Boing Boing references an essay by Pam Noles about the lack of race in science fiction and fantasy.
I think Noles has a real point, but she (perhaps intentionally) avoids one of the implications of pulp-derived literature like SF. While there isn't, generally speaking, a lot of variety in human race in the genre, aliens/monsters/metahumans often stand in for other ethnicities. They undergo discrimination, taboos against miscegenation, racial stereotyping.
That doesn't excuse the lack of non-White people, in my opinion. In fact, it worsens the situation. When authors use that kind of metaphor to examine real-life racial tensions, it also carries the message that there's something non-human--or less than human--about anyone who's not a Caucasian. The common use of stereotypical attributes to define aliens and monsters (like Tolkien's noble elves and hateful orcs) only worsens the problem--I'm sure other people have noticed that the violent, brutish, sexually aggressive Klingons of Star Trek fame were also darker-skinned, practically parodies of Black stereotypes. Eventually, if I remember correctly, even the show's writers noticed. But by that point they were hamstrung by 30 years of backstory.
There's a lot of room in science fiction to explore these kinds of contemporary issues, which is why it can be so frustrating to read "post-human" books which dismiss and jump past our reference frame. It's unfortunate that the tropes of the genre have made it so easy to explore them badly.
Apparently visitors to the Clarendon Barnes and Noble are not at all interested in having their books wrapped by two attractive young things practically radiating holiday cheer and pleasant banter. So Belle worked on Mario Kart, and I read the first 150 or so pages of Neil Gaiman's most recent book, Anansi Boys. It's very good, and very funny--Belle can attest to my distracting snickers at various passages. It is, however, very reminiscent of Douglas Adams in tone, with a comfortable level of exaggeration and many meandering asides. If it weren't for the obsession with myth and a skill with juggling points of view that Adams never really mastered, you might even mistake the author. This isn't entirely surprising, since Gaiman knew Adams, and wrote the definitive history of the Hitchhiker's Guide. It is a bit out of character. I've enjoyed Gaiman's books and think he's a fine writer, but I've never thought of him as "funny."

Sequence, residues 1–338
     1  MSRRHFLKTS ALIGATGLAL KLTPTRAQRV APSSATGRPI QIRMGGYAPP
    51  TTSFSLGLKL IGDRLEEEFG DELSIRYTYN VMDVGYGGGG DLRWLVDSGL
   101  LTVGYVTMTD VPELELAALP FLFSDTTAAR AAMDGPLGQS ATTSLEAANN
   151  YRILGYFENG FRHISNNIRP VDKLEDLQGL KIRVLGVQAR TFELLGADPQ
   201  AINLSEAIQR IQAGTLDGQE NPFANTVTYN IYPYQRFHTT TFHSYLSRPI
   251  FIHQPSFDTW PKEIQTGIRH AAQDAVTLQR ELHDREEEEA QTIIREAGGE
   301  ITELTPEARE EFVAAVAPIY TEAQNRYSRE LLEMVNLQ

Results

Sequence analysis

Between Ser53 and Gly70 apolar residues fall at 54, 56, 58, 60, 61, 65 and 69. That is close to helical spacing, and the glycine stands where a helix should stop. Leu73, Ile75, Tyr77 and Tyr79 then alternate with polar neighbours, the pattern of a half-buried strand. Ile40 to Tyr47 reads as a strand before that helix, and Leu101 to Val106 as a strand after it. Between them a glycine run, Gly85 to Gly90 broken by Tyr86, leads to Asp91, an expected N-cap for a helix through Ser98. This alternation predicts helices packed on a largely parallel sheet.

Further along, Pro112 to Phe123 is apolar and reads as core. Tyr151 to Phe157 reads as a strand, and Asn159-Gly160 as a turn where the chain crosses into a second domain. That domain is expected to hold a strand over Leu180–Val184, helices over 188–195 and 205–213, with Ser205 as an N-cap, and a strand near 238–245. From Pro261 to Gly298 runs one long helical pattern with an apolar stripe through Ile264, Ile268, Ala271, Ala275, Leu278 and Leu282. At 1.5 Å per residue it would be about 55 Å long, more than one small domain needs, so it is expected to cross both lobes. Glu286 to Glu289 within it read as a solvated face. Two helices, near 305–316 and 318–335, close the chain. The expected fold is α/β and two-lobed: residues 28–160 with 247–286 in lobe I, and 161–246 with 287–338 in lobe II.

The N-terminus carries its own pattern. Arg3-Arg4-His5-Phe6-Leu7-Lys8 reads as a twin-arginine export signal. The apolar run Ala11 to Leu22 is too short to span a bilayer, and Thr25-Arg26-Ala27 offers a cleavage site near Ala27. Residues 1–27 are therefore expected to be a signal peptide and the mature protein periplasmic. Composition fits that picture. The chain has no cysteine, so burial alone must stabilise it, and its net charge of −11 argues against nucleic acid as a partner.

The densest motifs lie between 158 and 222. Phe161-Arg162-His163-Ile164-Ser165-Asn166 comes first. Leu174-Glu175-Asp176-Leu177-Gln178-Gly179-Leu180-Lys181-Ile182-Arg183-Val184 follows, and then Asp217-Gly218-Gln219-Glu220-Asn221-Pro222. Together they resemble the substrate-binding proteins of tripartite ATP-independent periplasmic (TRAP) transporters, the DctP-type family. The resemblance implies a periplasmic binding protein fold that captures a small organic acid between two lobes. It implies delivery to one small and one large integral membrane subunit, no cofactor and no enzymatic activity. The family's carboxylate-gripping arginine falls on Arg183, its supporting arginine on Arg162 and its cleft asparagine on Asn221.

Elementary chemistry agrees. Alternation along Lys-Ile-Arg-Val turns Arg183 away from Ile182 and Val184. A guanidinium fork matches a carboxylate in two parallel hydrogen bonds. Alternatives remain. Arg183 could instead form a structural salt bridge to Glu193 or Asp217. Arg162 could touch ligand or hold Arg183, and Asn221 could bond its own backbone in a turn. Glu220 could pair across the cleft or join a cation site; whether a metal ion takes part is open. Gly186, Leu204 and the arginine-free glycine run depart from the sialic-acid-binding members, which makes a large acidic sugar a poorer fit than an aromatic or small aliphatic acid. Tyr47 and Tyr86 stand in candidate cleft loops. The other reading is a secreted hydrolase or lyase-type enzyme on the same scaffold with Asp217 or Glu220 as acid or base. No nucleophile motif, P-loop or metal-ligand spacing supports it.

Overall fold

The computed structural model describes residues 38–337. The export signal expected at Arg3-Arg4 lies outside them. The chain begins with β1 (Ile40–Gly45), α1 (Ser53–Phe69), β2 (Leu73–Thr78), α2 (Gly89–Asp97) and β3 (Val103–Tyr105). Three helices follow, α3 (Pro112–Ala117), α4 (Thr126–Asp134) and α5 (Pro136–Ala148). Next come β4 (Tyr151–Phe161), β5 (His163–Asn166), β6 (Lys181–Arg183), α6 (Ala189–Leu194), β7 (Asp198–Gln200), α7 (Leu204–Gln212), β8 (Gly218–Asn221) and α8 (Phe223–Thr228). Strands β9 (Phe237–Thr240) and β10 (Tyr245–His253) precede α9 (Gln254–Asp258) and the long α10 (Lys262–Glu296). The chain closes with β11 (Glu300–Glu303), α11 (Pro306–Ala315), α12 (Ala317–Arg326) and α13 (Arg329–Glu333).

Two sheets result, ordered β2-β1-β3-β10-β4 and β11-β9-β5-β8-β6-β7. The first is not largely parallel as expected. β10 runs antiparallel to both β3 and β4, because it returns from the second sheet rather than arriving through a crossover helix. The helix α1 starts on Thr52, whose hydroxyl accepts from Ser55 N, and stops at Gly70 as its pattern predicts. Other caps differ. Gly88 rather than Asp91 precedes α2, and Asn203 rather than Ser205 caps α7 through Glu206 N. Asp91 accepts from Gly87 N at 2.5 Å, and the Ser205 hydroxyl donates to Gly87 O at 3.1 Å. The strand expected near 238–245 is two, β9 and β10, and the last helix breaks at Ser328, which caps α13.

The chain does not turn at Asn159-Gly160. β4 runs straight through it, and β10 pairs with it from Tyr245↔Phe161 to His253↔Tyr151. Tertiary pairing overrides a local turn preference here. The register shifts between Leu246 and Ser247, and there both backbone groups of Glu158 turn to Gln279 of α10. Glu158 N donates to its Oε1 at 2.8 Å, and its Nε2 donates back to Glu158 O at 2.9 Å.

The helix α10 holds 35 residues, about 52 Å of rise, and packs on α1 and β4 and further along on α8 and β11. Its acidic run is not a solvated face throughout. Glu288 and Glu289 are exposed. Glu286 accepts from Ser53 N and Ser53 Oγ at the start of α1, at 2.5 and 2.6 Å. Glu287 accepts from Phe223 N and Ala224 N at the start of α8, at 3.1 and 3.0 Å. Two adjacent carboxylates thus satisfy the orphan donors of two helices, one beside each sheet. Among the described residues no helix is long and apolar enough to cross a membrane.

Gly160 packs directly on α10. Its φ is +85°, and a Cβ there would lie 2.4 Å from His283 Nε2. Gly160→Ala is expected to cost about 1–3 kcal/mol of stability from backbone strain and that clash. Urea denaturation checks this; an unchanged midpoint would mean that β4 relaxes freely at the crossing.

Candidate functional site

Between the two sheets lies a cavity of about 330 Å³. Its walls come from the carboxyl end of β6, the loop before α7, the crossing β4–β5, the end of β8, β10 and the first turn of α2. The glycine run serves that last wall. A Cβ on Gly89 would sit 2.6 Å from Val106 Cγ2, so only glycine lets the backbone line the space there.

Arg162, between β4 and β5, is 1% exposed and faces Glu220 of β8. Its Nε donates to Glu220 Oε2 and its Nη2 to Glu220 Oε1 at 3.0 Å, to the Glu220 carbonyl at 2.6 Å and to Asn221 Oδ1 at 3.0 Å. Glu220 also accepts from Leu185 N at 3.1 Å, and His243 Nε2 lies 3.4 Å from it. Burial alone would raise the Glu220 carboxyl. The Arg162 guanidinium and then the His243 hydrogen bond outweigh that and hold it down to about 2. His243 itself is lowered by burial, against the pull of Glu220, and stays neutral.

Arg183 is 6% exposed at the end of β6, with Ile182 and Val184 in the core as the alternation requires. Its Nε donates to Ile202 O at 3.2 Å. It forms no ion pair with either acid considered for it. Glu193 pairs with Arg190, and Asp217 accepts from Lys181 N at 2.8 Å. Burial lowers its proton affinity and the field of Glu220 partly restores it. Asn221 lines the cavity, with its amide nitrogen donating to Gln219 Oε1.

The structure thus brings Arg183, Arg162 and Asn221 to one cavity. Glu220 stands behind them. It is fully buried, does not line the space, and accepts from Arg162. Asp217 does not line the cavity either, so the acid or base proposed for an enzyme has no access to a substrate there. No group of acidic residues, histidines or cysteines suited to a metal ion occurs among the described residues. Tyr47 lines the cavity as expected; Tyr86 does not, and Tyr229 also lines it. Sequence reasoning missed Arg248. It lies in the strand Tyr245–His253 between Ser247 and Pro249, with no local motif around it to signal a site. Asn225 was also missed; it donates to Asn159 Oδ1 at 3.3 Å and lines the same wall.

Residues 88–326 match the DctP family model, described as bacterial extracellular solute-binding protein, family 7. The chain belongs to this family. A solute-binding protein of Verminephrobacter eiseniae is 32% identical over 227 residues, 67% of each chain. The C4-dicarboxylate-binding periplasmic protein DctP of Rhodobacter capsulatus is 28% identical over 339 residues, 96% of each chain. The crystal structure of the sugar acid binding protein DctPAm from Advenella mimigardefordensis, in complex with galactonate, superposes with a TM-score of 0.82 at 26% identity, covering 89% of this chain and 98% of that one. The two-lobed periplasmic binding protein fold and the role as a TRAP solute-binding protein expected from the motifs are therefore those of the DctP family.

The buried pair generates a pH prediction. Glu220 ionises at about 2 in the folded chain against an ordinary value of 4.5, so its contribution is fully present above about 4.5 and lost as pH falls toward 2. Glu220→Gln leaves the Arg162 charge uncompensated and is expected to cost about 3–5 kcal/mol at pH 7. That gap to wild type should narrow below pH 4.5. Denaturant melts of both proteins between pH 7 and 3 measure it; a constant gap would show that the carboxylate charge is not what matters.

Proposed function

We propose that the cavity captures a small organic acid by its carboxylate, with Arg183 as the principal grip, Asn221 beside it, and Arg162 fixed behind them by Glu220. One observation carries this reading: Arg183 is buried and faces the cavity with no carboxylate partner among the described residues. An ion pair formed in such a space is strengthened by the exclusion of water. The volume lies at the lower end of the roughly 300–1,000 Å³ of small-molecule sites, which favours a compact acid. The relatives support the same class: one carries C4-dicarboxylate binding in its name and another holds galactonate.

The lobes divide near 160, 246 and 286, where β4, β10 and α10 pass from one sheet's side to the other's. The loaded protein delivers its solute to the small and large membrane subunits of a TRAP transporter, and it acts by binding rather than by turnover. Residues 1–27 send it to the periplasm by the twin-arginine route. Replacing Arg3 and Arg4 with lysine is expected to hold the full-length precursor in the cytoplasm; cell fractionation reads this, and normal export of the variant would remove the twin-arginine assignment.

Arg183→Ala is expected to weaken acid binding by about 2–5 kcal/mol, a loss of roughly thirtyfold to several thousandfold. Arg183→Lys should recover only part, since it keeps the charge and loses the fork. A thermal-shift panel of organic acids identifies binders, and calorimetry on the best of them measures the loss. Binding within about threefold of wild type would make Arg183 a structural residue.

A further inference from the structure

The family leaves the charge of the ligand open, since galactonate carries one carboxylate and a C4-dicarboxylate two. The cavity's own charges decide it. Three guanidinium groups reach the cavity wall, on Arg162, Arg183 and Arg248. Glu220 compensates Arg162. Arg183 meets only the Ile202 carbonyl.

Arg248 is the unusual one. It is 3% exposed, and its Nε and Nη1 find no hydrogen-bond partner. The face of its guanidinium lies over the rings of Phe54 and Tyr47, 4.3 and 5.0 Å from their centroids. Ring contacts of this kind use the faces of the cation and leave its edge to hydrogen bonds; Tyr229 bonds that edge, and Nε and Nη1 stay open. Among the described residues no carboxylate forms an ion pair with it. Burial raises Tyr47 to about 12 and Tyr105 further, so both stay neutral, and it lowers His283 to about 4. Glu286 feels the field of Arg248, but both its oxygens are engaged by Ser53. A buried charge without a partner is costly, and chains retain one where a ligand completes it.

There is a subtle difference between Gaiman and Adams that proves telling, however. It concerns their approach regarding a main character. Both here and in other titles, Gaiman writes about someone who comes into contact with weirdness, and is changed. The protagonists become more adventurous, lose their tolerance for a tedious normal life, and eventually lead a fuller life. We are meant to see this as an improvement. In American Gods, the change is even framed as "becoming alive."
In contrast, the main character of Adams' Guide books was Arthur Dent, a profoundly normal and slightly boring man, who really only wanted to go back to being normal and slightly boring. It is one of Adams' finest subtle jokes, in reflection, that Dent is not only heroic by complete accident, but he wouldn't really want to be any different and he doesn't attempt to become so. We are used to characters that grow more outgoing, distinctive, and ambitious. Western cultures, as I was saying earlier, encourage that kind of individualist approach. Of course, Adams probably didn't mean anything profound by it. More likely he found that a steady, stereotypically-British straight man was the best foil for his particular comedic strength of satiric set pieces and off-beat conversation. Gaiman can clearly write those, but his aim is for a different target.
The lesson that I'm taking away from it is that sometimes the best characters don't have to be heroic. I know that sounds cliched, but it's often hard to remember when writing because we want to root for someone. It's hard to write fiction that's comfortable enough to slack off a little. I think Anansi Boys does take itself less seriously, and the protagonist is stronger for it. In contrast to the bland hero's journey of Richard in Neverwhere, or Shadow's drift through American Gods, Fat Charlie has a better dynamic with his surroundings (particularly with Gaiman's clever use of embarrassment as a motivation), even if he must eventually become less of a mark (I couldn't resist peeking at the last few pages before we left). I'm looking forward to finishing the other 150 pages, and finding out if my theory's correct.